The big news Intel is pushing on the tenth series Comet Lake H-series is their high turbo clockrate. All of the i7 SKUs, as well as the lone i9, are capable of breaking 5GHz on the high end of their turbo clock rate.

Most consumers would define the "fastest" processor in terms of real performance—time to complete benchmarks, frames per second achieved in AAA gaming titles, and so forth. Intel talks a lot about the "fastest" processor but seems careful to hide its definitions away in the fine print.

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Guidemaster: Navigating the hazy world of gaming laptops in 2019

August 19th, 2019
Amid the chaos of the Ars Gaming Week testing lab, we took a moment to snap a photo of <em>some</em> of our preferred gaming laptops. But are they right for you? Not necessarily! Hence, here's our careful guide on the topic.

Enlarge / Amid the chaos of the Ars Gaming Week testing lab, we took a moment to snap a photo of some of our preferred gaming laptops. But are they right for you? Not necessarily! Hence, here's our careful guide on the topic. (credit: Valentina Palladino)

Welcome to Ars Gaming Week 2019! As a staff full of gamers and game-lovers, we'll be serving up extra reviews, guides, interviews, and other stories all about gaming from August 19 to August 23.

Putting together an ideal gaming desktop computer isn't always the easiest task, but at least it's a controlled kind of chaos. When building a PC, we can individually rank each component type—from CPUs to GPUs, from speakers to monitors—and aspiring builders can feel out their options for each within hearty system-builder guides. Barebones budgets, small form factors, pricey beasts: we can offer tips for each, then let shoppers mix and match those recommendations as they see fit.

The same cannot be said for gaming laptops. There's no simple way to break out and individually test laptops' big-ticket components, and singling out one gaming laptop is tough in a sector that has often suffered from bulk, heft, expense, and ugly designs. When you buy into one good thing in a gaming laptop, you're buying into its every other element, good and bad, with no ability to swap. How much worse does that get when you're stuck with a firm budget?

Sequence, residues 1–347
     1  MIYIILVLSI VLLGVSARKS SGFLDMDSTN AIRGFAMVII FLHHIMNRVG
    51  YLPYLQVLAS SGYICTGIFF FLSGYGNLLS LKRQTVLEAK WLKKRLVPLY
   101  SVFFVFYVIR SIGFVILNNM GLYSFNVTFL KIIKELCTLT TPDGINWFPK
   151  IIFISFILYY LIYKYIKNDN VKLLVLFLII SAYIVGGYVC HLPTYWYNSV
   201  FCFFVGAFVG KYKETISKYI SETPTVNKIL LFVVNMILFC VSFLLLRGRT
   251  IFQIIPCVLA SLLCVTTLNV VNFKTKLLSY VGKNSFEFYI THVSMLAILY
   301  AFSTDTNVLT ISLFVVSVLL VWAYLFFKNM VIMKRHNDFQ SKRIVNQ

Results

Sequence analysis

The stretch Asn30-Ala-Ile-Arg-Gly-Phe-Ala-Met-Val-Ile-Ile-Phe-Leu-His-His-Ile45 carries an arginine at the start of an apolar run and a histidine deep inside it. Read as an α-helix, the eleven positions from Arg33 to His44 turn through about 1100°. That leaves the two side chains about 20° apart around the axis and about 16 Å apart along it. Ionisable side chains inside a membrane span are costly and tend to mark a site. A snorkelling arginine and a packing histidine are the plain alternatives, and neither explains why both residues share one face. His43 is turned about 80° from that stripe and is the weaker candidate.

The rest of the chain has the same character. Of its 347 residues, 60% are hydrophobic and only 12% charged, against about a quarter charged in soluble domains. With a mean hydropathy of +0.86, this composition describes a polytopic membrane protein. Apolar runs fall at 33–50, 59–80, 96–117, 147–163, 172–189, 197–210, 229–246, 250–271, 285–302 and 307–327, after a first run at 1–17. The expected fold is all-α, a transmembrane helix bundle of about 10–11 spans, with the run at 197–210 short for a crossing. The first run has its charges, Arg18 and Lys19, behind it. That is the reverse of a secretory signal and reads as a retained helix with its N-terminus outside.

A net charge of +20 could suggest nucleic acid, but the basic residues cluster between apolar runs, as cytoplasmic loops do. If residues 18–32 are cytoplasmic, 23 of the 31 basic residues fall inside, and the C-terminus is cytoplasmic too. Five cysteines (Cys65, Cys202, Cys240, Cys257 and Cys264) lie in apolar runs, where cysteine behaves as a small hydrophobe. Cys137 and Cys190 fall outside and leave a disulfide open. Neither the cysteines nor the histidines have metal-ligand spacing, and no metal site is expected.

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Posted in Ars Gaming Week 2019, Features, gaming, Gaming & Culture, gaming laptops, guidemaster, Tech | Comments (0)

Alienware’s new Area-51m brings a new design, RTX GPUs, and 9th-gen Intel chips

January 8th, 2019

Valentina Palladino

CES 2019 is officially underway, which means the time has come for every gaming PC maker under the sun to introduce new hardware. Dell and its Alienware subsidiary are no exception, and on Tuesday, the latter announced a new flagship gaming laptop called the Area-51m.

The 17-inch notebook will be available on January 29 starting at $2,549. That's expensive, but the Area-51m appears to pack the kind of high-end power you'd expect for that price. Alienware says it will include Intel's 9th-generation desktop CPUs and what the company says are the "full-fat" versions of Nvidia's GeForce RTX GPUs. The entry-level model comes with a six-core Core i7-8700 chip and RTX 2060 with 6GB GDDR6 video memory, but those can be upgraded up to an eight-core i9-9900K and RTX 2080 with 8GB GDDR6 if desired.

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Posted in Alienware, Area-51m, CES, dell, gaming laptops, Laptops, NVIDIA, Tech | Comments (0)